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Why did some cities change ranking so drastically?

Because there’s no national database tracking package theft, we rely on a combination of Google Trends data and FBI larceny-theft numbers to rank cities. Last year, a city with lower interest in recovering stolen packages could have rated worse for package theft due to a high larceny-theft rate, which includes all kinds of theft. The 2022 report emphasizes package theft concerns over general theft reports.

A U.S. map shows the 10 metros where package theft occurs the least. Miami, FL; Tampa, FL; and Raleigh, NC top the list.

Top 10 metro cities where porch pirates strike least

2022 ranking
Metro area
Year-over-year change
2021 ranking
1Miami-Ft. Lauderdale, FL+ 14 ↑15
2Tampa-St. Petersburg (Sarasota), FL+ 2 ↑4
3Raleigh-Durham (Fayetteville), NC+ 19 ↑22 (9th worst)
4Orlando-Daytona Beach-Melbourne, FL+ 2 ↑6
5Cleveland-Akron (Canton), OH- 4 ↓1
6Detroit, MI- 3 ↓3
7Cincinnati, OH- 5 ↓2
8Nashville, TN+ 11 ↑19
9San Diego, CA+ 19 ↑26 (5th worst)
10San Antonio, TX+ 5 ↑15

A closer look at the cities with the least package theft

  • Miami is the major metro where porch pirates are least likely to strike, improving 14 spots to land on top this year.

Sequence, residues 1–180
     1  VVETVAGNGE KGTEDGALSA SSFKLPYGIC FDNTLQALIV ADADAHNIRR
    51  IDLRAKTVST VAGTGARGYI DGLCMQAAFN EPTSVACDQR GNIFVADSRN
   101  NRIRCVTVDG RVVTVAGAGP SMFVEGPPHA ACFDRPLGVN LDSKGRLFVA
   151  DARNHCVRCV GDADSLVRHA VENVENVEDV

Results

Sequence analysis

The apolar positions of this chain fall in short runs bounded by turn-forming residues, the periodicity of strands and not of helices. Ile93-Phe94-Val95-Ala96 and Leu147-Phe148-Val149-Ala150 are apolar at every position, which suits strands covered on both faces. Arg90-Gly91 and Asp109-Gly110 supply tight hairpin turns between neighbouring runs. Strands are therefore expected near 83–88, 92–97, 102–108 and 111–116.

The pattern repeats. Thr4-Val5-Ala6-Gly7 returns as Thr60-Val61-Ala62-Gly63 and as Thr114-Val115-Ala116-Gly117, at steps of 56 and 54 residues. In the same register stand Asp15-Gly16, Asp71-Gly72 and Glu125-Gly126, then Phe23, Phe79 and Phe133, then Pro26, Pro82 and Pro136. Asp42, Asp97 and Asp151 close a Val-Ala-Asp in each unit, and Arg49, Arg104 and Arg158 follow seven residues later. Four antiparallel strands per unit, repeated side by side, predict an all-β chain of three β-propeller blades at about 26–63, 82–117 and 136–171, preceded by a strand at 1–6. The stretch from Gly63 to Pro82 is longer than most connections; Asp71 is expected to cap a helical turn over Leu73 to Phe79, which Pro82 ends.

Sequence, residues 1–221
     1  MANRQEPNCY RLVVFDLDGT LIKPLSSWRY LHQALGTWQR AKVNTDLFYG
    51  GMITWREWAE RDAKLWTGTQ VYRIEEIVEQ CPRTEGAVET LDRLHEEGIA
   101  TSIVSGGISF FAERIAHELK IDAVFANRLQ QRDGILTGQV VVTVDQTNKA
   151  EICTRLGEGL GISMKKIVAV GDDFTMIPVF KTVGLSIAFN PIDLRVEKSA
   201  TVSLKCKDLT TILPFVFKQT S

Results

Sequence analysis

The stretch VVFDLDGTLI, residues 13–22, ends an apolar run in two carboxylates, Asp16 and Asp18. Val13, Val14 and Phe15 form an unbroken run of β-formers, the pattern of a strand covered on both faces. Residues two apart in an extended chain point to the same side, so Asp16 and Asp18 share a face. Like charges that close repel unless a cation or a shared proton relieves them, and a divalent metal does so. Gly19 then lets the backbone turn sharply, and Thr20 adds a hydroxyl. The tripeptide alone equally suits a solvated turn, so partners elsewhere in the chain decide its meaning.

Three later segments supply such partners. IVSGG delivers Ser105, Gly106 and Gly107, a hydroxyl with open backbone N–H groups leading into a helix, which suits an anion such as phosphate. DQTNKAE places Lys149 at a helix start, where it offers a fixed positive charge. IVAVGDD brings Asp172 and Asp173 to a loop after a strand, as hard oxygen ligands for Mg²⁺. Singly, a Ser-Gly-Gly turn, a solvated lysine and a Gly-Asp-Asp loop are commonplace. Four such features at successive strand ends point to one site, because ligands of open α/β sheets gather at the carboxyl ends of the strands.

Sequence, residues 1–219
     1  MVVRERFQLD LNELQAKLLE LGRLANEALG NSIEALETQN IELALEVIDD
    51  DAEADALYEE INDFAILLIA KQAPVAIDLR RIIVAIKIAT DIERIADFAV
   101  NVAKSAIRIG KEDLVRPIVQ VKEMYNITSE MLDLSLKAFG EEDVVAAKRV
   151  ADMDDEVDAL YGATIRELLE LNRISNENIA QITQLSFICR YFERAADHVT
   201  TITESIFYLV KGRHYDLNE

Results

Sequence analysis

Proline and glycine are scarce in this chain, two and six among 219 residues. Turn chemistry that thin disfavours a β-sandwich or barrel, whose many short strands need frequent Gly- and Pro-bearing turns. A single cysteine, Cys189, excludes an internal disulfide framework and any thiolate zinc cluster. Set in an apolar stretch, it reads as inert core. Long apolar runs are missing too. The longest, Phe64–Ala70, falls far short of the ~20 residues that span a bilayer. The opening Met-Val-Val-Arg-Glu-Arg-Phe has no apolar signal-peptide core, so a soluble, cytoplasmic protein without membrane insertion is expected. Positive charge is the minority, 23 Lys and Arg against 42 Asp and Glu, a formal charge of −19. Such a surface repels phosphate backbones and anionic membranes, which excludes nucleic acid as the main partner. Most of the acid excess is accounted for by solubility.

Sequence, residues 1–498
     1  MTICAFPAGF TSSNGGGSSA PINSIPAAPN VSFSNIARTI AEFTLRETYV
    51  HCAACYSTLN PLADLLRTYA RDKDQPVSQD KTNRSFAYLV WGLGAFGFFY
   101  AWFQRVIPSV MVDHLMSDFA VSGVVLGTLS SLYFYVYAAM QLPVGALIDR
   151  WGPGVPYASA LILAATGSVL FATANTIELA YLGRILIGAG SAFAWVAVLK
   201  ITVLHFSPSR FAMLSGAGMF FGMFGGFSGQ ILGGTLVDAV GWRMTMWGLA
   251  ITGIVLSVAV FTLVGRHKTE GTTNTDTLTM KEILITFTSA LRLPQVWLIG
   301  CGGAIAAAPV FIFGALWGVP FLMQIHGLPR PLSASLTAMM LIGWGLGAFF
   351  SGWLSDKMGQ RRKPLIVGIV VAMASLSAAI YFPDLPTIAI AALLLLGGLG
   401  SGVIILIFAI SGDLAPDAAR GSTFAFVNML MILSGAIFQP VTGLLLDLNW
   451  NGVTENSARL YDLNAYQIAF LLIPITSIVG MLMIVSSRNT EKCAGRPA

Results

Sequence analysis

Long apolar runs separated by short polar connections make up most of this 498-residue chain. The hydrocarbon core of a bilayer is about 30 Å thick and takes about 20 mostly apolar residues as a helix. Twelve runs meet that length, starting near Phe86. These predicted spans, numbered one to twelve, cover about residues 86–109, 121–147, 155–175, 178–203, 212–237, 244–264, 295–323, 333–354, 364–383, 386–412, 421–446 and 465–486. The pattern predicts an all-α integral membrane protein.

• 2 of the safest metros for package theft were in the top 10 worst metros for package theft in 2021: Raleigh-Durham (Fayetteville), NC and San Diego, CA.
  • Florida has the highest number of metros (3) on the safest metros list: Miami-Ft. Lauderdale, Tampa-St. Petersburg (Sarasota), and Orlando-Daytona-Beach-Melbourne.
  • Floridians are the fourth-most worried about package theft, with 57% telling us they’re highly concerned about it—despite having 3 of the top cities that package thieves steer clear of.
  • Ohio has two cities that porch pirates tend to sail past: Cleveland-Akron (Canton) and Cincinnati. It’s also the ninth most concerned state when it comes to package theft.
A Florida map shows the metros where package theft occurs the least in the state. Miami, Tampa, and Orlando top the list.

Package theft stats for 2022

For each of the past three years, we’ve polled at least 1,000 Americans to find out how many have fallen victim to package theft and what they’re doing to get ahead of porch pirates.

Package theft frequency and cost

  • More than 3 in 4 Americans have been a victim of package theft in their lifetime.
  • 79% of Americans have been a victim of package theft in the last 12 months (15 points higher than last year!).